Star Wars Rogue One: The Jewish Chronicle review

The biggest movie of the year has somehow aroused the ire of antisemites. What do they mean? Here's our take on the latest developments in a galaxy far, far away....


Last week, white supremacists called for a boycott of Rogue One: A Star Wars Story. Far-right trolls urged their thuggish supporters to give the movie a miss. Why? They call the film 'a Jew fantasy, an example of awful multiculturalism starring an empowered female.'

Well, in the same way that the efforts of the Boycott, Divestment and Sanctions movement spur me on to buy more Israeli products, this warning from bigots made me all the more eager to watch it. Besides, as a nice Jewish boy, it’s been a while since I had a fantasy, and I was keen to see if Rogue One would indeed supply me with one. Add in multiculturalism and an empowered female, and it sounded great already.

The Star Wars film sequence can be confusing, so I hope die-hard fans will forgive me if I briefly explain. The first three films, which came out in the 70’s and 80’s, were designated as episodes IV, V and VI. Then in the late 90’s and early 2000’s, we suffered through episodes I, II and III. Last year, an episode VII was made, set some three decades after episode VI. And now Rogue One takes place just prior to episode IV.

Right from the beginning, it’s clear that this is not just another Star Wars episode. Instead of the philharmonic, dramatic entry we’ve come to expect, we get right down to business.

Felicity Jones stars as Jyn Erso, a young woman hiding her past pain behind a powerful will and a highly effective right hook. Freed by Rebel forces from Imperial imprisonment, she is offered a shot at redemption; helping to broker an introduction to the man who raised her — rebel outlaw Saw Gerrera, played by Forest Whitaker — to find a top Imperial scientist, who just happens to be her father.

With Cassian Andor (Diego Luna) and a ragtag crew they pick up along the way, Jyn attempts to find her father (Galen Erso, played by Mads Mikkelsen), and subsequently to destroy his colossal and lethal creation.

There are tantalising cameos of familiar Star Wars faces, but not much more than that. While it might be nice to see more of characters we know and love, there’s something to admire about a movie which is clearly intended to stand or fall on its own merits.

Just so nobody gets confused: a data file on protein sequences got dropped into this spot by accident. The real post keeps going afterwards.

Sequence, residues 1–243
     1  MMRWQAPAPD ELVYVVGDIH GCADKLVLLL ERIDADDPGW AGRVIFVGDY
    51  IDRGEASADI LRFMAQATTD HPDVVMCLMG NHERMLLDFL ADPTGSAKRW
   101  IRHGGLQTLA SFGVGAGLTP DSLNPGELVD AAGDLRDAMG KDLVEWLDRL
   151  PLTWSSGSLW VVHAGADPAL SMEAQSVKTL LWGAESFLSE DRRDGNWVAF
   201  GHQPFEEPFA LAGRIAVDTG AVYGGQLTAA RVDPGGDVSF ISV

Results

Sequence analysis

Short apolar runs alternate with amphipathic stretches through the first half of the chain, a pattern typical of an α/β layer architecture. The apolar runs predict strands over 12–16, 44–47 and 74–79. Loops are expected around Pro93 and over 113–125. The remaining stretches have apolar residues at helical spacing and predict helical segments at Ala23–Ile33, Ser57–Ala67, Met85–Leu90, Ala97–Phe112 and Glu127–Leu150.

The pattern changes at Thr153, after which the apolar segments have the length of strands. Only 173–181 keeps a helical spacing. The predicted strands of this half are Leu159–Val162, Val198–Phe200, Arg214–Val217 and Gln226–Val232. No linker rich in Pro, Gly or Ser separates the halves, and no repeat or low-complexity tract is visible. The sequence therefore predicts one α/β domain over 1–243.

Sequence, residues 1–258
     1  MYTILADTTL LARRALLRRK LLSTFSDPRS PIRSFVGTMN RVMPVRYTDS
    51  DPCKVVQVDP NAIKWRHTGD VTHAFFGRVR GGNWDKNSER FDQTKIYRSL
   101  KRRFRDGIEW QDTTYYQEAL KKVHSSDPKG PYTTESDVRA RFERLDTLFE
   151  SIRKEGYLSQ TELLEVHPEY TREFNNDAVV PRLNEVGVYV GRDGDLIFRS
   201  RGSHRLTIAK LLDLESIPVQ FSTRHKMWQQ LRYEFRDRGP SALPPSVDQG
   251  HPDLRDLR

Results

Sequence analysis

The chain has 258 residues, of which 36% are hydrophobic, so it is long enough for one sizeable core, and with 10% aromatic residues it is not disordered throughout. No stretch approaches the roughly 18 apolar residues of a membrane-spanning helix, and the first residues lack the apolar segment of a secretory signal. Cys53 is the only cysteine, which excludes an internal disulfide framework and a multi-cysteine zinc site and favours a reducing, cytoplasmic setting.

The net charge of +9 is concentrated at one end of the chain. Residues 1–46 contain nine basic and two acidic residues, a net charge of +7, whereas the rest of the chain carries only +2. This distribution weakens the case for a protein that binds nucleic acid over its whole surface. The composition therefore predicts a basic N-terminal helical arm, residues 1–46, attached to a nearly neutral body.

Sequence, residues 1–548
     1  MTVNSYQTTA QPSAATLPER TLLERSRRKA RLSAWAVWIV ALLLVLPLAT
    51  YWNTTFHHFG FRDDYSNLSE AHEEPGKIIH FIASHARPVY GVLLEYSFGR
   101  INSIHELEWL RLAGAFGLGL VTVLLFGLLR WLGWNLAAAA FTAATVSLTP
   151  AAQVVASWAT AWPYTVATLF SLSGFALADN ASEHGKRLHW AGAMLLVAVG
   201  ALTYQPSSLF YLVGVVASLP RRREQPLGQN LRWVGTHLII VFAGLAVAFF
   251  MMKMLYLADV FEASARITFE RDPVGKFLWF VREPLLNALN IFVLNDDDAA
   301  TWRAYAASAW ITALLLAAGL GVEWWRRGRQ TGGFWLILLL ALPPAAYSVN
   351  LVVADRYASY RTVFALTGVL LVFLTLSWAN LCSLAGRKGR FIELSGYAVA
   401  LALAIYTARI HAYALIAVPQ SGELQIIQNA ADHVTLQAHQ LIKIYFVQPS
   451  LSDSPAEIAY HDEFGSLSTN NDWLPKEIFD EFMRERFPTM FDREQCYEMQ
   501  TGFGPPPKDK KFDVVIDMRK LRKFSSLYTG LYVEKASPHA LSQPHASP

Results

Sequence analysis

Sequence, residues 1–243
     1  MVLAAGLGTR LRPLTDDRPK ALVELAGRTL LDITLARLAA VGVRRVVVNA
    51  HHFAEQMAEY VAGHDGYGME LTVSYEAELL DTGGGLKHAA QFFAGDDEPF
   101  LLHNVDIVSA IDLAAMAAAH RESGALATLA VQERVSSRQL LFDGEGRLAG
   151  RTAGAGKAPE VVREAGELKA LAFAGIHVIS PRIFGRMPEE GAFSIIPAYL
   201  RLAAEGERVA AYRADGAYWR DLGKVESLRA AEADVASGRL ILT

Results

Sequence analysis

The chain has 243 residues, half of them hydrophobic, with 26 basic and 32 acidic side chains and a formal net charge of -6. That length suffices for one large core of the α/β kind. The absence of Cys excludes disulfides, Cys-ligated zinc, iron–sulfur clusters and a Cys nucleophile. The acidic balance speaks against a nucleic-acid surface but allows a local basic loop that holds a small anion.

The only exception to this apparent rule is the ascetic villain Grand Moff Tarkin, first seen in episode IV and, rather spookily, played by an actor who has been dead for more than 20 years. Peter Cushing, who originally played the Imperial commander, was “digitally resurrected” for the role, which explains how a character who first appeared almost four decades ago looks as if he hasn’t aged a single day.

No Star Wars film would be complete without an android companion, and Rogue One is no different in that regard. But K-2SO (played by Alan Tudyk) is something new, injecting sassiness into the scenery and providing more than a few funny moments. And in K-2SO, finally, we have a robot free of the whoops and whistles of R2-D2 and BB-8 and without the intensely frustrating dithering of C-3PO.

Those hoping for the lightsaber duels of previous movies are set to be disappointed; and the main mention of “the Force” is from a warrior monk (Donnie Yen), who appears to use it as a mantra. But what we get instead is a glorious galactic battle set high above the beach paradise/Imperial stronghold where a commando troop led by Jyn and Cassian attempt to steal the plans for the Empire’s most secret and deadly weapon. As far as I’m concerned, the trade-off is worth it. A fantasy? Not quite; but highly enjoyable nonetheless.

I watched the film with a colleague who had not been much of a Star Wars enthusiast in the past. But at the end of the movie she declared that she “would never fall asleep in front of a Star Wars movie again”, and that Rogue One had “converted her.”

I cannot guarantee fans of the franchise that this movie will work similar miracles with their own friends or loved ones. But it’s worth a try. Plus you’ll distress far-right bigots. Rogue One is worth seeing twice for that reason alone.

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